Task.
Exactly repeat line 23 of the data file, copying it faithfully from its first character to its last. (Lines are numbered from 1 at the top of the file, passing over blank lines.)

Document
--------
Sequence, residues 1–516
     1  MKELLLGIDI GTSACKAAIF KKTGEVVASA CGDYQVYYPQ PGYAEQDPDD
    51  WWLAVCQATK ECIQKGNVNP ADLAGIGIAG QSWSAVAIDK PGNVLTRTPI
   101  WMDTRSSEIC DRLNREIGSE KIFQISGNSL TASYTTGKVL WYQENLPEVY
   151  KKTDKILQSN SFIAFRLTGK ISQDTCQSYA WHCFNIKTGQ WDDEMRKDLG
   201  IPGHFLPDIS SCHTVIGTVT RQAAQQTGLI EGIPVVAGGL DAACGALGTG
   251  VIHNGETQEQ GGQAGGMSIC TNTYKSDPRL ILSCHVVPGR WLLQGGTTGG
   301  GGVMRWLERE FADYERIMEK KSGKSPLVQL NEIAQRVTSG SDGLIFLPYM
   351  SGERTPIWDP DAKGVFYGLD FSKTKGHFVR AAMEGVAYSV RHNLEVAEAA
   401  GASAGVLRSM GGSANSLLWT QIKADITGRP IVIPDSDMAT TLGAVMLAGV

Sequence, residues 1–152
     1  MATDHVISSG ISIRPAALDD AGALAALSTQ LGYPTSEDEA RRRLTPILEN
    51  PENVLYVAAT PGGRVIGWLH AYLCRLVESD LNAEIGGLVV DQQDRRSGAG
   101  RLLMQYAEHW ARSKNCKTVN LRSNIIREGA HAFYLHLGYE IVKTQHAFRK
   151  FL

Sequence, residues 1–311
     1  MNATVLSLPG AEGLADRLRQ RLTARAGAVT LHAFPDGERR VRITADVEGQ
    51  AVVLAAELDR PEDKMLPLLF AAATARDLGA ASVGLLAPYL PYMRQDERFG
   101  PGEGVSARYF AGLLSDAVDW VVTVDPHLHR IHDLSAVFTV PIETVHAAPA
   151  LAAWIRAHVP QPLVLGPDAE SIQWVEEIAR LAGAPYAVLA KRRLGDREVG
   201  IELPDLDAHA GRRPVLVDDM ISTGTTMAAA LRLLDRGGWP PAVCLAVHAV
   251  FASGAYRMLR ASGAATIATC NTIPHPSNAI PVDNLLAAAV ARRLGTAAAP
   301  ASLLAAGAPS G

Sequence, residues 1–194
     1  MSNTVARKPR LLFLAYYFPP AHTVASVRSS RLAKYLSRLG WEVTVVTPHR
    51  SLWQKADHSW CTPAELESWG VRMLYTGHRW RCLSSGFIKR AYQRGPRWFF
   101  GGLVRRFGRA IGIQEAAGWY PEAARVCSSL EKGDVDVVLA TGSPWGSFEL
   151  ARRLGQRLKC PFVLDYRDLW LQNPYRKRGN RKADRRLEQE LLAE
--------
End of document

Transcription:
   301  ASLLAAGAPS G